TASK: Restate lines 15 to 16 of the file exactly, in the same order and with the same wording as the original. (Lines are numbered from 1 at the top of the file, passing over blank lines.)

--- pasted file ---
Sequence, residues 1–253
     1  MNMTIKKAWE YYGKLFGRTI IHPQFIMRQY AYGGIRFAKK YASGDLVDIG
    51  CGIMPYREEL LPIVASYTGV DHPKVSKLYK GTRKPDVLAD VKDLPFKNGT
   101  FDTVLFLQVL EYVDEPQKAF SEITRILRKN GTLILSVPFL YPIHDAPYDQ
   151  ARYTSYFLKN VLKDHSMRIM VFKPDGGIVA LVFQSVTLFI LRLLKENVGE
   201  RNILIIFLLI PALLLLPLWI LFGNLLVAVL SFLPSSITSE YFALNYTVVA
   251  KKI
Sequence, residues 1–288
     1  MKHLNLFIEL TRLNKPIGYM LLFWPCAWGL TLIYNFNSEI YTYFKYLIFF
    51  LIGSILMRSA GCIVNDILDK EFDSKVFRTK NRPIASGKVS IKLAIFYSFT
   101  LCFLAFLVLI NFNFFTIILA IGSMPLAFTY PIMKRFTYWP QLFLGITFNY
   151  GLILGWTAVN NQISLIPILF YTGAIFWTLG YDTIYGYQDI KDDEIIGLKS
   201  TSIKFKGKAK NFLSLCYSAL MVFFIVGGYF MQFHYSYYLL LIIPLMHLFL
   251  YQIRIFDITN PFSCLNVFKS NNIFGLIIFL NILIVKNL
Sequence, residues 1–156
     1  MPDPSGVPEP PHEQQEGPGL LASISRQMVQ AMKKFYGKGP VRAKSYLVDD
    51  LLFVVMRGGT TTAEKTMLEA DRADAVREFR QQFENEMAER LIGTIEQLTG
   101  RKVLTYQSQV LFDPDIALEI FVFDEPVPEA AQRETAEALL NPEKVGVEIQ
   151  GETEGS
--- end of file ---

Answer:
Sequence, residues 1–156
     1  MPDPSGVPEP PHEQQEGPGL LASISRQMVQ AMKKFYGKGP VRAKSYLVDD